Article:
6.7 Ideologies of Change and Reform Movements

3 min readfebruary 12, 2023

Sharii Liang

Sharii Liang

Jillian Holbrook

Jillian Holbrook

AP European History 🇪🇺

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The "Age of -Isms"

The 19th century is often regarded as the “Age of -Isms,” and for good reason. During this century, many political ideologies appeared and had -isms at the end. The main political ones were conservatism, nationalism, liberalism, socialism, and feminism. This section covers everything after conservatism.


Feminism believed in universal suffrage for both men and women as well as natural rights for both men and women. 🗳️ This political movement emerged from rising protests for universal male suffrage and the Cult of Domesticity enforcing traditional gender roles.🤰

Flora Tristan

Flora Tristan (1803-1844) was a French writer and activist who was influential in the early feminist and socialist movements. She was born to a wealthy family but was forced to marry at a young age, leading to an unhappy and abusive marriage. After leaving her husband, she began writing and campaigning for women's rights and workers' rights. She traveled extensively to give speeches and organize labor unions, but Tristan is best known for her book "The Workers' Union," which called for the establishment of a utopian socialist society.


Liberalism emphasized popular sovereignty, individual rights, and enlightened self-interest, but its proponents debated the extent to which all groups in society should actively participate in governance.
As conservatism slowly, but surely, began collapsing, more and more liberal movements emerged. They emphasized problems with voting rights, the social hierarchy, economic stratification, and an overbearing government. Multiple groups formed to raise awareness of these issues and change the status quo, supporting different views on how the problems should be solved! Liberalism was often supported by the bourgeoisie, not the working class. 💸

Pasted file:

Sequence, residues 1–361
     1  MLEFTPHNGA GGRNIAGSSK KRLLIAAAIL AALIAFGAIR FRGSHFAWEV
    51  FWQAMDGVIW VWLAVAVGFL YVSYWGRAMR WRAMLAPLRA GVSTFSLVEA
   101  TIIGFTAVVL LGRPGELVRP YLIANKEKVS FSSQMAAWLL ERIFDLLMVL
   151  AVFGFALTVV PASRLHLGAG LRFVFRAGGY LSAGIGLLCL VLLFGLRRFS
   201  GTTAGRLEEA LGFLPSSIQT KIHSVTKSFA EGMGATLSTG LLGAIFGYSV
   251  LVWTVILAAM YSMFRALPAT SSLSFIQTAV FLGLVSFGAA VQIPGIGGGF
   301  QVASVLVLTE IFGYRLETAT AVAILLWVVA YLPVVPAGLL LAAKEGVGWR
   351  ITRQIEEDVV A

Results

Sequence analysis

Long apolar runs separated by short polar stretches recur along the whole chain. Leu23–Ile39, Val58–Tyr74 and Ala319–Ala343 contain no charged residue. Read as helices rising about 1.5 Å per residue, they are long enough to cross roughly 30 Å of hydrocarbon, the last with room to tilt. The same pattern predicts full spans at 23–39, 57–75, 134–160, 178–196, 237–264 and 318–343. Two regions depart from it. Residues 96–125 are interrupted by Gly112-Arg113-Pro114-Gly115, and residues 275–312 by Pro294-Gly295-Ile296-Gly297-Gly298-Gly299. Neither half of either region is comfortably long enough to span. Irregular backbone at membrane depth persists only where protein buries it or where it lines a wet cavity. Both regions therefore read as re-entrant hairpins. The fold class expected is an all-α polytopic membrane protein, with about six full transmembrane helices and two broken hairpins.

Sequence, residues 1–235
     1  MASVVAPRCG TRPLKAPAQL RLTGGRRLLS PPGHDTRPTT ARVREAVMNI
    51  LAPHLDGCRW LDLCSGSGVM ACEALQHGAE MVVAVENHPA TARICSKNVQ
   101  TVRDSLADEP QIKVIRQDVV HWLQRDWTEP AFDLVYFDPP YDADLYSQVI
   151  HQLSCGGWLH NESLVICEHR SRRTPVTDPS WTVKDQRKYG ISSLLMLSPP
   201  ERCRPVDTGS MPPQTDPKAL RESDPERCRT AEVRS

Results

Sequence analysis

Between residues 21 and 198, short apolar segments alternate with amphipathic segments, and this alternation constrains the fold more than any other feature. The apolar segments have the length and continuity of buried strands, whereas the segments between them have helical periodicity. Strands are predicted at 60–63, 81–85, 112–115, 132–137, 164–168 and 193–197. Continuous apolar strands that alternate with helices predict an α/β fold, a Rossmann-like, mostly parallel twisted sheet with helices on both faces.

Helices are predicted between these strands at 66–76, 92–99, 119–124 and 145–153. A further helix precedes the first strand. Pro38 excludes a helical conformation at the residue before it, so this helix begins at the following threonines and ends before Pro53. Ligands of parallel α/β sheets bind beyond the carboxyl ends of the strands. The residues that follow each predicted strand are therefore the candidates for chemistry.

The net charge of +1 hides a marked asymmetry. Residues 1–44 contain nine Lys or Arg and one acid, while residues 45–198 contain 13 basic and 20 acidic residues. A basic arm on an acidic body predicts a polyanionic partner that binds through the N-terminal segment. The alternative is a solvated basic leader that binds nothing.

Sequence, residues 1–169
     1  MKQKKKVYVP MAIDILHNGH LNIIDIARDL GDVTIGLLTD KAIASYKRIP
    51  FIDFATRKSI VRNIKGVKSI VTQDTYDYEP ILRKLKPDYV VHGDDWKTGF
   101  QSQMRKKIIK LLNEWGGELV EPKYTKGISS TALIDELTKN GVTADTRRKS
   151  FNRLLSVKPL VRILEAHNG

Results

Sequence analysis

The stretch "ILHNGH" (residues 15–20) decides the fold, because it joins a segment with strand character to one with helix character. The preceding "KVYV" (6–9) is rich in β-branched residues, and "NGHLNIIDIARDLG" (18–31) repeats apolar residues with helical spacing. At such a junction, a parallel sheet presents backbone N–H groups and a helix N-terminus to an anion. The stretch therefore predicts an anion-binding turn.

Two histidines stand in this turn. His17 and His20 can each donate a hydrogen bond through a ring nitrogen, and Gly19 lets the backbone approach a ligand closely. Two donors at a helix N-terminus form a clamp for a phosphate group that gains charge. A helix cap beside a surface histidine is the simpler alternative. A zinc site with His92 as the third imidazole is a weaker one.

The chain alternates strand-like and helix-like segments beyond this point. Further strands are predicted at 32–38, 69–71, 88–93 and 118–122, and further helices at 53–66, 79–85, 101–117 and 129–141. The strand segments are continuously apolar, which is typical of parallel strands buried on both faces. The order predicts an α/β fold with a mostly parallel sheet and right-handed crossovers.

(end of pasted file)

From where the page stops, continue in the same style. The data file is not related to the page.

Nationalism transcended social classes as a political and social ideology that emphasizes the importance of the nation or the cultural and ethnic identity of a people. It can manifest in a range of beliefs and practices, including the promotion of national interests and culture, the defense of national sovereignty, and the belief that the nation is the primary unit of political organization.
Nationalism can take many forms, from civic nationalism, which emphasizes shared values and citizenship, to ethnic nationalism, which emphasizes common ancestry or language. Nationalists became especially prominent in the German and Italian states attempting to unify themselves and form independent nations.
Nationalism has been a major force in the modern history of many countries, playing a significant role in struggles for independence, the formation of nation-states, and conflicts between nations. While nationalism can serve to unite people and provide a sense of identity and purpose, it has also fueled conflicts and exclusivist attitudes toward other groups.


Socialism also emerged during this time period, but it appealed to the proletariat much more than the bourgeoisie. Socialists prized equality and fairness above all else and believed in working together, which differs from liberalism’s belief in individuality. ⚖️
Overall, socialists called for the redistribution of society’s resources and wealth, shifting from a utopian to a Marxist scientific critique of capitalism. Despite how similar socialism is to liberalism, the two ideologies disliked each other quite a bit.

Prominent Advocates of the -Isms


Political Party


John Stuart Mill & Jeremy Bentham
Economic freedom, individual rights, and utilitarianism (governments should do whatever provides the most pleasure for the largest amount of people)
Achieve universal male suffrage (working-class males demanding rights)
Flora Tristan
Advocated women’s rights and feminism (progression of female rights is directly influenced by the progress of the working class)
Robert Owen
Utopian Socialism
Tried to improve working conditions for his factory workers and believed in cooperation, not competition (created a cooperative society called New Lanark)
Henri de Saint-Simon
Utopian Socialism
Argued that socialism was necessary for industrial development and that the workers should be in charge of production
Friedrich Engels & Karl Marx
History is just a cycle of bourgeoisie and proletariat conflict. The working class needs to rise up and take over the means of production.
Clara Zetkin
A leader of socialist women who educated women to get them politically involved
Georges Sorel
Believed Marxism cannot work and supported violence as a means of defense or in revolts
Mikhail Bakunin
Founder of collectivist anarchism (abolition of both state and private ownership)
Browse Study Guides By Unit
🎨Unit 1 – Renaissance & Exploration
⛪️Unit 2 – Reformation
👑Unit 3 – Absolutism & Constitutionalism
🤔Unit 4 – Scientific, Philosophical, & Political Developments
🥖Unit 5 – Conflict, Crisis, & Reaction in the Late 18th Century
🚂Unit 6 – Industrialization & Its Effects
Unit 7 – 19th Century Perspectives & Political Developments
💣Unit 8 – 20th Century Global Conflicts
🥶Unit 9 – Cold War & Contemporary Europe
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